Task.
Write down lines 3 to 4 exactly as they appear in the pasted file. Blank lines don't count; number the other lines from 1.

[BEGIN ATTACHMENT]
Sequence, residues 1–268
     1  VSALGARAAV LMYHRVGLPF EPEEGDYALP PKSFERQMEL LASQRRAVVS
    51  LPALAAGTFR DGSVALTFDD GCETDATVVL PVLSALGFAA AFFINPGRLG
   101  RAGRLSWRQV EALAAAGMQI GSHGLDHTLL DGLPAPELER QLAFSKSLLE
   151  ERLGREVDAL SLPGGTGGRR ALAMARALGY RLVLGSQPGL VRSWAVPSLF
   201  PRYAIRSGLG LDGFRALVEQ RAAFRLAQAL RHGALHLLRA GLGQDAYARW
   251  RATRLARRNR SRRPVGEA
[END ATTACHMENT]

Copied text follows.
    51  LPALAAGTFR DGSVALTFDD GCETDATVVL PVLSALGFAA AFFINPGRLG
   101  RAGRLSWRQV EALAAAGMQI GSHGLDHTLL DGLPAPELER QLAFSKSLLE